The evening’s opening set came from Adventure Club, a Canadian dubstep duo that specialized in dropping high pitched female vocal tracks enveloped in nasty bass lines. Though the set began at six, a slow crowd began to gather as the chest-rattling music spread throughout the arena. The duo closed with a smooth mix of Flight Facilities’ “Crave You” mashed-up with Lana Del Rey’s “Summertime Sadness,” one of the numerous Top 40 tracks that caused most festival-goers to squeal with glee before hopping and flailing around to the beats.
Immediately after Adventure Club a flock of attendees herded themselves towards the Thomas Wolfe Auditorium to soak in the sultry R&B sounds of Jessie Ware. Ware’s slick, sexy sounds echoed that of Sade and served as a nice down-tempo break to the high octane dance grooves that filled the rest of the night. Even Ware admitted that, “you can’t use all your energy within the first hour” so a seated event with one of the most promising R&B acts in the game was a welcomed addition to the lineup.
PANTyRAiD took over ExploreAsheville.Com arena during Ware’s set and their dub-infused blending of Southern styled hip-hop made the swiftly growing crowd descend into hip-shaking, fist pumping wild things. The duo was joined onstage by a twerking dance crew that held up robust signs informing the crowd to “turn up” because it was “booty time,” and surely enough they did just that. Massive inflatable dice were tossed into the crowd and bounced around for a bit before fans swiftly deflated them and claimed them as their own. As PANTyRAiD came to a close, many stuck around for the upcoming Disclosure set, which was a wise choice considering the crowd they garnered.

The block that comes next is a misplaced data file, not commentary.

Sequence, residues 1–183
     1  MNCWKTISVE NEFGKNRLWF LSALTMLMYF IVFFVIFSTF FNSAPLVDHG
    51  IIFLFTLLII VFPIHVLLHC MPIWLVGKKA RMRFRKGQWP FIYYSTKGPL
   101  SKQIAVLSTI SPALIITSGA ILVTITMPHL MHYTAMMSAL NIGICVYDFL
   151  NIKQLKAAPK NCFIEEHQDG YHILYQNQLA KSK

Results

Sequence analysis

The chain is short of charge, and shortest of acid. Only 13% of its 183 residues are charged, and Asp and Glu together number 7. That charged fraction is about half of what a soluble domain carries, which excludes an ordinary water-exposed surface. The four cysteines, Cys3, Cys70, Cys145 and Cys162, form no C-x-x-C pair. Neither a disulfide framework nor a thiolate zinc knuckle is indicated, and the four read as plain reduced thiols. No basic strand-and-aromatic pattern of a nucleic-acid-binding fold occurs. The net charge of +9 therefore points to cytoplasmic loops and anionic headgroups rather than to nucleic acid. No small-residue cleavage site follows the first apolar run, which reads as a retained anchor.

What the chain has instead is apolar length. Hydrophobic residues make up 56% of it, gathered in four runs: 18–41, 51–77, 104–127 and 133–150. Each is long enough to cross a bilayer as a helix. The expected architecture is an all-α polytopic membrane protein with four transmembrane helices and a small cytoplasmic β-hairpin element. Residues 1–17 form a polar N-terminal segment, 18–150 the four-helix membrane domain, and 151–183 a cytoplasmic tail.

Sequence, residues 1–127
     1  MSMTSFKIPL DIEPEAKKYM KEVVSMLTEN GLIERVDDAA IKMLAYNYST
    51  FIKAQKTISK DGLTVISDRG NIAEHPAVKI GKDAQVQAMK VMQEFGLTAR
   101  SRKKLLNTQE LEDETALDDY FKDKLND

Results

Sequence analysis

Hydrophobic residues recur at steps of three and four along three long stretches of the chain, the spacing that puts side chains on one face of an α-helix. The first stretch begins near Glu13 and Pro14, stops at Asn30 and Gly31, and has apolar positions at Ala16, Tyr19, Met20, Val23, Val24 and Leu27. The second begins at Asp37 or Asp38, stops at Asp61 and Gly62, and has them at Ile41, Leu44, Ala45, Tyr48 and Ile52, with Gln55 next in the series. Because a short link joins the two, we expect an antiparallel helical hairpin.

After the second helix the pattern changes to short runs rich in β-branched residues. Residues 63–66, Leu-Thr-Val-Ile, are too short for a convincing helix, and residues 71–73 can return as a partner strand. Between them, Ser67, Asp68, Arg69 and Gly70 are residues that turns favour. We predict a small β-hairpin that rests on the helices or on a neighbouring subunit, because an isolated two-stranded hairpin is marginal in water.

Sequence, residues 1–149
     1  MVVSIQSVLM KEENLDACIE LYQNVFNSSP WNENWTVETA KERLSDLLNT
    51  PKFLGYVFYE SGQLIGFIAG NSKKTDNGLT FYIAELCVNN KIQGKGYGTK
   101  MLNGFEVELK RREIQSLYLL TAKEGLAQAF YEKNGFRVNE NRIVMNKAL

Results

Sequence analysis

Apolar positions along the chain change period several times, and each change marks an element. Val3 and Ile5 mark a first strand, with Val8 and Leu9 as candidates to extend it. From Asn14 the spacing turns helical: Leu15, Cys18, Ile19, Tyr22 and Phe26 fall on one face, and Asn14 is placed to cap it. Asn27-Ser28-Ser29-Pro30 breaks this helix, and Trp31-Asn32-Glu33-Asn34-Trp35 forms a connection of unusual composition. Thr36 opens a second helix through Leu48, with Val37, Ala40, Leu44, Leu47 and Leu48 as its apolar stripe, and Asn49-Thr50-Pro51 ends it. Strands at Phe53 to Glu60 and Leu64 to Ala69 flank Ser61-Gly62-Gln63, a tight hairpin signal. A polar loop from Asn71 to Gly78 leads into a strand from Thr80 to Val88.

Though the English house duo proclaimed that their last Asheville set was to “about 50 people,” Sunday’s set drew hundreds to the ExploreAsheville.Com arena. The two wasted no time getting the crowd lively as they dropped one of the summer’s most lively dance tracks “When a Fire Starts to Burn” rather early in the set. Mixing live instrumentation seamlessly with their electronic backbeats allowed Disclosure to stand out among a crowd of knob-twisting, slider-shoving DJs. Halfway through their set Jessie Ware surprised the crowd by joining the two for a rare on-stage collaboration of their remixes.
From Disclosure it was back to Thomas Wolfe to soak in some of Cut Copy’s infectious pop stylings before the evening’s main headliner took the stage. The band played a slew of tracks from their upcoming album Free Your Mind, opening with the album’s lead single. Although the seated auditorium doesn’t allow much room for grooving, fans shimmied and swayed as their surroundings saw fit to the Australian dance act. Many, including myself, left Cut Copy early though to see what all of the fuss was about for Pretty Lights.
Pretty Lights’ set felt more like an electronic jam-band than one of EDM’s most well known producers. A live horn section, drummer and keyboard player provided a vibrant blend of timbres to mesh with Derek Smith’s heady electronic beats. The set was defined by extended periods of expansive jams that combined dub, reggae and hip-hop, but were closed with bass drops and wobbles. Smith lived up to his name as high-powered lasers cut through the foggy stage to make for a fantastic visual closing to a stunning weekend of music and art.